Normally in the mornings I will drink 2 glasses of water to kick start my body, and then pour a third. The third is for feeding my starter. I’ve found that getting into some sort of routine like this helps to keep it active and alive. My own starter (now 17 months old) is very active and it is possible for me to start a loaf in the morning and have it ready for 6pm the same evening. See my sourdough information page to answer any further questions on sourdough or how to start one yourself.
I came up with this recipe when I was just about to feed my starter yesterday morning. I hadn’t made a sourdough for a few weeks due to having to study for university exams… I saw that my Rye flour was soon to reach it’s best before date so I decided to use it up. A ‘soaker’ refers to soaking the flour before baking in hot water in order to enhance flavour, activate enzymes and help aid digestion. This is a very light loaf and small amount of rye in this recipe is really there for another level of flavour.
Remember since this is sourdough that it will take much longer than a normal loaf and depends on the activity of your starter and climate conditions.
You will need:
50g Rye flour200g sourdough starter (80% hydration)
400g Strong white bread flour
140 ml water plus 50ml freshly boiled water
How to do it:
1. Boil the 50ml water and mix with the Rye four to form a thick paste. Leave to cool for 5 minutes.
2. Pour your starter, flour and salt into a large mixing bowl along with 100 ml water. Now add your soaked Rye flour and mix everything together. You may need to add more of the water or you may not, it depends on your type of flour and each person will have a different experience, just add enough until you have a rough dough which comes away from the sides of the bowl. You can add more water than the stated amount if you’re feeling confident.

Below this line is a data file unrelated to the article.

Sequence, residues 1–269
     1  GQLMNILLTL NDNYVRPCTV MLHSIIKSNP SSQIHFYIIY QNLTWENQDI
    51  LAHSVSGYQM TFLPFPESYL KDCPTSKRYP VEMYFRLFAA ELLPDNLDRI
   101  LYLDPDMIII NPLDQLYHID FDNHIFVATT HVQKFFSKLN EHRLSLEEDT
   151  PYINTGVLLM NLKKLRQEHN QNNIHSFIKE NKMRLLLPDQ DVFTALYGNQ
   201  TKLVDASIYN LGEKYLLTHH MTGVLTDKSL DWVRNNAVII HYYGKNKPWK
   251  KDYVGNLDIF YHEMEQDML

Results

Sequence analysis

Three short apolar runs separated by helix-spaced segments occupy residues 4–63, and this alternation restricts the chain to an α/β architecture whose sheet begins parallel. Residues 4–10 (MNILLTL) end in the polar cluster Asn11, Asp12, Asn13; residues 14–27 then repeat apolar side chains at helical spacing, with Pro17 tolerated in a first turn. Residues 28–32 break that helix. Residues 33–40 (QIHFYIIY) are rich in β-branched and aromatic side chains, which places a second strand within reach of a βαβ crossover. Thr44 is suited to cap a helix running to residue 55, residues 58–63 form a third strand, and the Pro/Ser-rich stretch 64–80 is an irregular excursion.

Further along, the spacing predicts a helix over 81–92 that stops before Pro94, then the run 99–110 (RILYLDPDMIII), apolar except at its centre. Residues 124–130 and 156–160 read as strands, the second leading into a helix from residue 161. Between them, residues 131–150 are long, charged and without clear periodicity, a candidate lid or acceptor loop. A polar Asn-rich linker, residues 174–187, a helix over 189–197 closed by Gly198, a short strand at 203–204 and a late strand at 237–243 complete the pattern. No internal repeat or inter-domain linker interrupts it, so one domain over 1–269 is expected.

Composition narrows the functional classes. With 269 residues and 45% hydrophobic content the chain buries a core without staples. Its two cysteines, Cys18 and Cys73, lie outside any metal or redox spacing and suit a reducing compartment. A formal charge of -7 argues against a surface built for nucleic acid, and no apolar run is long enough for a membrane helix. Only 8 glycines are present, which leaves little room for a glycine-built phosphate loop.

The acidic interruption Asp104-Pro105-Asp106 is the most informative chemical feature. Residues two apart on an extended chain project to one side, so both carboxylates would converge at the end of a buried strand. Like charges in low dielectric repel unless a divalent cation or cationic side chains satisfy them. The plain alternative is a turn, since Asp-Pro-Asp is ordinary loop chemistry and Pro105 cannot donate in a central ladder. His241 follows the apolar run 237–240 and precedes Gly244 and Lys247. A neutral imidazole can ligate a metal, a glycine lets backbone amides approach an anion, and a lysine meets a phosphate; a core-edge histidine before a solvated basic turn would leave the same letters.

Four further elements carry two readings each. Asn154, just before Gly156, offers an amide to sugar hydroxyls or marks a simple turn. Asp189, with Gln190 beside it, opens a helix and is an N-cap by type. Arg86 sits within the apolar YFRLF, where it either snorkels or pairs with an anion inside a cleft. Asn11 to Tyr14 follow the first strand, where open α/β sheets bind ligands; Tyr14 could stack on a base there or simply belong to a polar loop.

3. Coat the a worktop with olive oil, tip the dough onto it and knead fr 10-12 minutes or until you have a smooth ball of dough which pops back when lightly pressed. Proof for between 5-12 hours. This depends on your starter, the main thing is to let it rise until it has at least doubled in size.
4. Knock back the dough on a lightly floured worktop. Shape the dough how you like-be it a boule, cob or in a tin. Leave it to proof again for 2-3 hours or until doubled in size. Towards the end preheat your oven to 230°C/210°C fan.
5. Right before putting the bread in throw some cold water into the base of the oven to create steam. Bake the loaf for 30-35 minutes or until a nice golden brown and sounds hollow when tapped on the bottom.
Beautiful crumb structure we have there! This loaf can be made without a sourdough starter if you don’t fancy the sound of it (if not why not!?) or if you, more understandably, don’t have the time. Just replace the starter with 100g flour, 100g water and add 10g yeast and only use 10g salt.
And here’s the baker’s percentage table:
|Starter||Final Dough||Total Formula|
|Ingredient||Grams (g)||%||Grams (g)||%||Grams (g)||%|
|80% hydration starter|
|Strong white flour||110.8||100%||400||89.0%||510.8||91.0%|
Thanks for reading,
- Seriously Sourdough (bakersdiet.wordpress.com)
- Sourdough Starter – New Zealand culture (rmolby.wordpress.com)
- On the trail of Karaway Bakery’s Lithuanian scalded rye recipe (flourandleaven.wordpress.com)
- Sourdough bread (troygill.wordpress.com)
- Rise to the occasion: Perfect bread making recipes from a baking star (thejournal.co.uk)
- Rise to the occasion: Perfect bread making recipes from a baking star (coventrytelegraph.net)